The true data lines 228 and the complementary data lines 230 are connected to input drivers 234. The input drivers 234 can receive the request word dataword B from the group of input lines 206. The input drivers 234 can then operate to respectfully supply a true dataword signal and a complementary dataword signal to the true data output lines 228 and the complementary data output lines 230. It should be noted that by true dataword it is meant the input drivers 234 do not act to change the polarity of the received dataword. Alternatively, by complementary dataword, it is meant the input drivers 234 do act to switch the polarity of the received dataword to its complementary value. By way of example, when a received request word dataword B, for instance, is formed of the binary bits [{0} {1} {0} {1} {0} {1}], the associated true dataword BT is formed of the associated true binary bits [{0} {1} {0} {1} {0} {1}], whereas the complementary dataword BI is formed of the associated complementary binary bits [{1} {0} {1} {0} {1} {0}].

Continuing the example from above, when the request word dataword B is received at the group of input lines 206, a first data bit {0} of the request word dataword B is supplied to the input driver 234-1 via the input line 206-1. The input driver 234-1 then acts to supply a true first data bit signal {0} and a complementary first data bit signal {1} to the true data line 228-1 and the complementary data line 230-1, respectively. Since the complementary data line 230-1 is programmably connected to the input line 224-1 by way of the programmable connector 226-1, the complementary first data bit signal {1} can form a first input signal {1} to the output driver unit 278.

The EAB 204 has output driver units 284-294 connected to the output data buffer 214 by way of the output lines 212. The output driver units 284-294 each have an associated input line 240. The input lines 240 can be programmably connected to appropriate ones of true data lines 244 and complementary data lines 242 by way of programmable connectors 226. The true data lines 244 and the complementary data lines 242 can, in turn, be connected to input drivers 248. As an example, the output driver unit 290 connected to the input line 240-1 can be programmably connected to the complementary data line 242-2 by way of the programmable connector 226-3 and the complementary data line 242-3 by way of the programmable connector 242-3. The complementary data line 242-2 is, in turn, connected to the input driver 248-2, and the complementary data line 242-2 is, in turn, connected to the input driver 248-3. In this manner, by programmably connecting selected ones of the true data lines 244 and selected ones of the complementary data lines 242 to the input lines 240, a select signal (such as the address select word S) received by the input drivers 248 can be used to cause selected ones of the output drivers 284-294 to form a desired output signal (such as the result word dataword R1).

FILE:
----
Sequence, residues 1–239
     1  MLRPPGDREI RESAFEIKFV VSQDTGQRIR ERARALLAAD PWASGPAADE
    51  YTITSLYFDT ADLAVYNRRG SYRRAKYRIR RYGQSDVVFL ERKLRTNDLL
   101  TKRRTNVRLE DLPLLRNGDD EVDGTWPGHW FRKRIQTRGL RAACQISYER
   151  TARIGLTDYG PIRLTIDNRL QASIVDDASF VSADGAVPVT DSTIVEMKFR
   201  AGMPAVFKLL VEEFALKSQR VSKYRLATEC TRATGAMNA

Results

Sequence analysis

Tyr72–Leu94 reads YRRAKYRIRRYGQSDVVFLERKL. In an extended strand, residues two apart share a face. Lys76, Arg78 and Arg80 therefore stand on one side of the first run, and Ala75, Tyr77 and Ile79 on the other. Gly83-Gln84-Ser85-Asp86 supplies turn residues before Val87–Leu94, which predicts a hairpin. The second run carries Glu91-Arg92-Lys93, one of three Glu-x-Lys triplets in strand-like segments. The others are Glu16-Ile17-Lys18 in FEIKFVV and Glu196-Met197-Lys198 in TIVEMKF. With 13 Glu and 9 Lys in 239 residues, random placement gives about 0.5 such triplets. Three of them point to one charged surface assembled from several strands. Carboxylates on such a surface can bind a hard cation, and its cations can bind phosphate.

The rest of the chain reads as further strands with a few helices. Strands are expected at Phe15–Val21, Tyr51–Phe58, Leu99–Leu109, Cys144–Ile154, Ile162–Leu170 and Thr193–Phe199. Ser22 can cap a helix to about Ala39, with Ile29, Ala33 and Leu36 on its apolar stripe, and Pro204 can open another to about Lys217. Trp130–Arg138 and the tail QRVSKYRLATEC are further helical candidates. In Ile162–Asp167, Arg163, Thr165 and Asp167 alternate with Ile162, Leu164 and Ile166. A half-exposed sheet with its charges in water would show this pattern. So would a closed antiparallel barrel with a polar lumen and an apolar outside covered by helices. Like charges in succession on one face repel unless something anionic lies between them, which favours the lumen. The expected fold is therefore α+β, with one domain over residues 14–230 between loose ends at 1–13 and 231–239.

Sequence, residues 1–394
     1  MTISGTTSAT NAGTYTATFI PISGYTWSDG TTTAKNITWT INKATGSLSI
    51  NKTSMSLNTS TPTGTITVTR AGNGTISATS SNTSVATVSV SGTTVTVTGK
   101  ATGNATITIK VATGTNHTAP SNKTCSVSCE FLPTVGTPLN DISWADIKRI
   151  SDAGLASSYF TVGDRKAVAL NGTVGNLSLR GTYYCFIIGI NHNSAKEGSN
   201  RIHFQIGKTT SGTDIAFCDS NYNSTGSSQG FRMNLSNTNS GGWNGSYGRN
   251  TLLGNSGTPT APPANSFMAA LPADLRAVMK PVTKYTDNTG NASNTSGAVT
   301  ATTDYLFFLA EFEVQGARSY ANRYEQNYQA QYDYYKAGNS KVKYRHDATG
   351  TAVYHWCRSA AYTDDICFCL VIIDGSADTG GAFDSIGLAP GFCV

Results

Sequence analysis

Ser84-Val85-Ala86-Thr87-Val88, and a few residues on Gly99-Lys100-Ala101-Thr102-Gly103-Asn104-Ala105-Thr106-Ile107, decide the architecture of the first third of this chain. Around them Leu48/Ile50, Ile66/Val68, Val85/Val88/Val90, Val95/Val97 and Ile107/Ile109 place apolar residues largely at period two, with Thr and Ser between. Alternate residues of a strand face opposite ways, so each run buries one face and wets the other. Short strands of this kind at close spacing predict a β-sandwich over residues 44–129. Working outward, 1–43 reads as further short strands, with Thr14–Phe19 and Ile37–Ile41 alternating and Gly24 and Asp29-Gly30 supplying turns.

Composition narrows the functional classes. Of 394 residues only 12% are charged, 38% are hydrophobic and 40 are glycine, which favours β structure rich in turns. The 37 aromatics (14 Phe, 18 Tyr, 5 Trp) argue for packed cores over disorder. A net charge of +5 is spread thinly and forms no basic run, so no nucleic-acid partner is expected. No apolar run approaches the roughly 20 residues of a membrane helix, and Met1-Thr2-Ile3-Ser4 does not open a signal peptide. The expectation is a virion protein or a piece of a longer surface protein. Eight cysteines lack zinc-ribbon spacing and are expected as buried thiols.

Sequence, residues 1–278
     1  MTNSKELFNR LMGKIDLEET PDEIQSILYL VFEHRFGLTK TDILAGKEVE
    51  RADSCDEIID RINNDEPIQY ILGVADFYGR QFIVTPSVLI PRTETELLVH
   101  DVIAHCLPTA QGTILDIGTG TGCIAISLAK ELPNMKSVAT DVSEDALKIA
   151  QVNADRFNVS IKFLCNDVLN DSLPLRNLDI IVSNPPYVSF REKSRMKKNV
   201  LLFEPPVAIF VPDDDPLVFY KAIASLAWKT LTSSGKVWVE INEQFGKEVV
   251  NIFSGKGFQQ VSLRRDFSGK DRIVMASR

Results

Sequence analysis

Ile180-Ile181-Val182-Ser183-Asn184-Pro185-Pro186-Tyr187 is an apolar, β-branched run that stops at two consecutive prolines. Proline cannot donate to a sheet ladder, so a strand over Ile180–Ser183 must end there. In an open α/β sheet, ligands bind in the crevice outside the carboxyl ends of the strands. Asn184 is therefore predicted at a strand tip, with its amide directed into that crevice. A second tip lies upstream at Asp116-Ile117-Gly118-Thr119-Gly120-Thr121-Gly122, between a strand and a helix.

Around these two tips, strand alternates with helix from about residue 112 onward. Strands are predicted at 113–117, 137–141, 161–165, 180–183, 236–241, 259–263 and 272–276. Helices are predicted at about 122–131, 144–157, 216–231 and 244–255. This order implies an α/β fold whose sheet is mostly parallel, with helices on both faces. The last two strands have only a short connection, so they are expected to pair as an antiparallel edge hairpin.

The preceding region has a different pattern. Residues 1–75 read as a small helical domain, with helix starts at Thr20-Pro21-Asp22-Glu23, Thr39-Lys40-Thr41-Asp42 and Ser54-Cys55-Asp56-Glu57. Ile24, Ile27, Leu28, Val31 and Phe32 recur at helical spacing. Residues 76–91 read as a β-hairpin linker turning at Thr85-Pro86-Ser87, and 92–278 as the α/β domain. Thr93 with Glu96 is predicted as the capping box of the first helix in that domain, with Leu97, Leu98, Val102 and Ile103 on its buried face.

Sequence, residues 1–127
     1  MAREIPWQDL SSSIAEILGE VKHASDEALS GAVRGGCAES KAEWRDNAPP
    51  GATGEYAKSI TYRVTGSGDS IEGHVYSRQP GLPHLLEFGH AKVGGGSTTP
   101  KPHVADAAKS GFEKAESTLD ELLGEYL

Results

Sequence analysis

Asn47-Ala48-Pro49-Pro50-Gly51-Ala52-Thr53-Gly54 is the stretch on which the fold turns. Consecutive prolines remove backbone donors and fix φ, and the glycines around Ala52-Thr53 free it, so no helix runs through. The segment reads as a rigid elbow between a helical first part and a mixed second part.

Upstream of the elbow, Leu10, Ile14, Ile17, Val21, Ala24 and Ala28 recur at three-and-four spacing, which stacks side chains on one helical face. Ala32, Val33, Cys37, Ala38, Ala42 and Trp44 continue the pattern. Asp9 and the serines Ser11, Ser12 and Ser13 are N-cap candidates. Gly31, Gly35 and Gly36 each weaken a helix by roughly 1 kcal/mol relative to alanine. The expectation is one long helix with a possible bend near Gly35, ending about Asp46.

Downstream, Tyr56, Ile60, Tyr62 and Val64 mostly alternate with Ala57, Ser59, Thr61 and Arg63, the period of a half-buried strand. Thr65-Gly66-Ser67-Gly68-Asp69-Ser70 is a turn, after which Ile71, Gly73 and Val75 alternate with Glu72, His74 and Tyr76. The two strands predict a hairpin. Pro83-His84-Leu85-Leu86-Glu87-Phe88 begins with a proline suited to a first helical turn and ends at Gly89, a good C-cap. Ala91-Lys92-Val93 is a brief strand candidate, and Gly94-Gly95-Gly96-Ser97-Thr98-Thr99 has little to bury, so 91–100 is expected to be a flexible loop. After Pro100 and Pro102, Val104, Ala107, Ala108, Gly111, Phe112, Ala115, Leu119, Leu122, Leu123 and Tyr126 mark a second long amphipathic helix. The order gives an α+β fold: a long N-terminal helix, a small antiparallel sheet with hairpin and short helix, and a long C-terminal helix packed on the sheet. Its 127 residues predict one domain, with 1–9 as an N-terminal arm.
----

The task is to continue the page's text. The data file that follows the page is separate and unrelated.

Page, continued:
FIG. 4 is a circuit diagram of a portion 300 of the EAB 202 illustrated in FIG. 3 configured to operate in a P-term mode in accordance with one embodiment of the invention. The input line 224-1 is formed of a group of wordlines 225 which form a product term input, or P-term input, to an AND circuit 279 included in the output driver unit 278. The wordlines 225 are, in turn, programmably connected to selected ones of the true data line 228 and the complementary data line 230 so as to programmably store a desired dataword, such as the at least one keyword Ai, in the memory array within the EAB 202. By way of example, a keyword A1 represented by the binary string [{0} {1} {0} {1} {0} {1}] can be programmed into the memory array within the EAB 202 by programmably connecting the wordlines 225 included in the input line 224-1 to appropriate ones of the true data lines 228 and the complementary data lines 230. For example, the first data bit {0} of the keyword dataword A1 can be stored in the memory array by connecting the wordline 225-1 to the complementary data line 230-1 using the programmable connector 226-1. Likewise, the sixth data bit {1} of the keyword dataword A1 can be stored in the memory array by connecting the wordline 225-6 to the true data line 228-6 using the programmable connector 226-6. All others of the data bits of the keyword dataword A1 can be stored in the memory array in a similar manner.